So I've been tossing some ideas around in the irc channel, and I got some positive feedback for one of them. Basically it's a several thousand year old calculator, discovered buried in the sand in the middle east. the calculator itself is rather large, about three meters tall. I was thinking it would be cubical, but I was told geometric shapes are cliche so I'm not sure exactly what it will look like. On the front face of the machine, there are two dials, a lever, and a display device (most likely similar to split-flap displays, or maybe something like an abacus). On the right side of the machine is a large crank, that winds up a spring inside the machine. After winding the crank, you can spin the first dial, that has symbols on it that correspond to numbers. The symbols themselves don't match those of any known civilizations, though they are very simple and intuitive. For instance, the one symbol is one dot and the five symbol is five dots. The other dial has four symbols, though they're more abstract. They correspond to the mathematical processes of addition, subtraction, multiplication and division. To use the machine, one must turn the first dial to the first digit of the number they desire. So, if you wanted to punch in 28, you would first put two. Then you pull the lever, enter the second digit and pull the lever again. This is repeated until the whole number is entered. Next, you turn the second dial to the process you want, and pull the lever. After that, you go to the first dial again, and put in the second number, and pull the lever.

I know it's complicated, so think of it this way. If you wanted to put in 2+2, you would turn the first dial to two and pull the lever. Next, you would turn the second dial to the symbol for addition, and pull the lever. Finally, you would go back to the first dial, turn it to two again, and pull the lever again.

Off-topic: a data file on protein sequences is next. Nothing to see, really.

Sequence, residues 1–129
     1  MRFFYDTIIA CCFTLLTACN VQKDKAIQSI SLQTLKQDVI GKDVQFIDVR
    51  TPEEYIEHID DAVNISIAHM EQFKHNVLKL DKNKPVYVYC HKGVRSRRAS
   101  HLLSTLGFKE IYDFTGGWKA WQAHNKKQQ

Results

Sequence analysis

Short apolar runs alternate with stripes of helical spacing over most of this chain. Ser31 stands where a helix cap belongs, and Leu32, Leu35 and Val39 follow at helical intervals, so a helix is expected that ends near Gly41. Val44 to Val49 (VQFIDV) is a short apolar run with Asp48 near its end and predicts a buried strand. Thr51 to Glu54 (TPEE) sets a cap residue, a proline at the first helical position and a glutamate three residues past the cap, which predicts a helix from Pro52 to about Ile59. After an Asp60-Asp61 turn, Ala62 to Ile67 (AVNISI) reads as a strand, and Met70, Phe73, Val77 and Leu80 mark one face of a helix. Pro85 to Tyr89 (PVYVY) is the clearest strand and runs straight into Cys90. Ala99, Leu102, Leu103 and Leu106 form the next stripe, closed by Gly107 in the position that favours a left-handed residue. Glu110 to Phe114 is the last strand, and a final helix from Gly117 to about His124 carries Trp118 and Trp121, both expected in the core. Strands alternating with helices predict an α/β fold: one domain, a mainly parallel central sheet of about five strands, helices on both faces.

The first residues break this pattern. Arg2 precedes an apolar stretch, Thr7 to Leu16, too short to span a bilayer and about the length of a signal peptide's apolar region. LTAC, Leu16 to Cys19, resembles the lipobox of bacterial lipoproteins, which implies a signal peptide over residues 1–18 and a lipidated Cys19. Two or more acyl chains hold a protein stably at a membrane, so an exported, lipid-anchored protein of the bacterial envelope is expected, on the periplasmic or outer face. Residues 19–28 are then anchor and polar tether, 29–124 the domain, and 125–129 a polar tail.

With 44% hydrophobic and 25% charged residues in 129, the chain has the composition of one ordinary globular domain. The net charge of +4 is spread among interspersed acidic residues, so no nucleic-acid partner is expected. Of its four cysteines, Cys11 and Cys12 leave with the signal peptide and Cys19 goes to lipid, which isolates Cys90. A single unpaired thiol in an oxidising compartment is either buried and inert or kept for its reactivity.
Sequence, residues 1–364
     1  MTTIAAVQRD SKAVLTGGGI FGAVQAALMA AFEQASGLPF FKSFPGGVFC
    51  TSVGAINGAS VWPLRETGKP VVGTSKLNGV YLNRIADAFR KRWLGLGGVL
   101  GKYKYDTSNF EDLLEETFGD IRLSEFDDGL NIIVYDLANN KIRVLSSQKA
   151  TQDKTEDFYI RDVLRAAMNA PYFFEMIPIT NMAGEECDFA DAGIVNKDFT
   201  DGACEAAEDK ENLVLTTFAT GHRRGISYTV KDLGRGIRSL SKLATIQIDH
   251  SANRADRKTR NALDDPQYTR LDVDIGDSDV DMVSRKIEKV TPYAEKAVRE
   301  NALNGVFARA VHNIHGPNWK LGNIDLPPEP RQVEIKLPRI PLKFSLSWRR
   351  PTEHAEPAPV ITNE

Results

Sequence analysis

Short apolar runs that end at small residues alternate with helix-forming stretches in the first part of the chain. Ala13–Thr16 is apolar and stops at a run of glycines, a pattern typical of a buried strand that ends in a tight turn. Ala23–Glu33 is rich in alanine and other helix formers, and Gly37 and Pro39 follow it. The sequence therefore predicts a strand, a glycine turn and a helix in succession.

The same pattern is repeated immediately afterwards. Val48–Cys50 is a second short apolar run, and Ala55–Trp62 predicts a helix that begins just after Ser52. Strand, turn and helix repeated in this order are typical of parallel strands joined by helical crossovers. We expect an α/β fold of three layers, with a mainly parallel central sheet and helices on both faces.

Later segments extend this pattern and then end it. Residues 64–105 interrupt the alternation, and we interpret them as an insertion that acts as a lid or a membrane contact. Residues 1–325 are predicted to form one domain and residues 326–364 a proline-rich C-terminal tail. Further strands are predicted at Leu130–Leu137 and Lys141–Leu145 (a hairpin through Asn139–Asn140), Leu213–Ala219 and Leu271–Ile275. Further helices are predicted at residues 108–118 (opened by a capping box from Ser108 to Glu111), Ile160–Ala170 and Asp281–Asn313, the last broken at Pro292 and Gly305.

After you put in all the numbers and processes, the lever is pulled one more time. At this point, the machine begins calculating. Several sounds can be heard coming from the machine, they are usually described as mechanical, sometimes a high pitch whining can be heard. After a variable amount of time, anywhere from 30 seconds to a few hours, the sounds will cease, and the display begins functioning. The display will show the answer of the problem using the same symbols found on the first dial. The display cannot show decimals so the answer will always be rounded up.

After operating the calculator, the user will find it harder to concentrate, and solve math problems in their head. The more they use the machine, the harder they find it to solve problems. Eventually they can only solve problems on their fingers. If they continue to use the machine, they'll find this impossible as well. Eventually, even the simplest problems are impossible to solve. The user also finds it impossible to use modern calculators, instead they insist on using the machine.

So, what do you think? Is it doable? Should I just give up?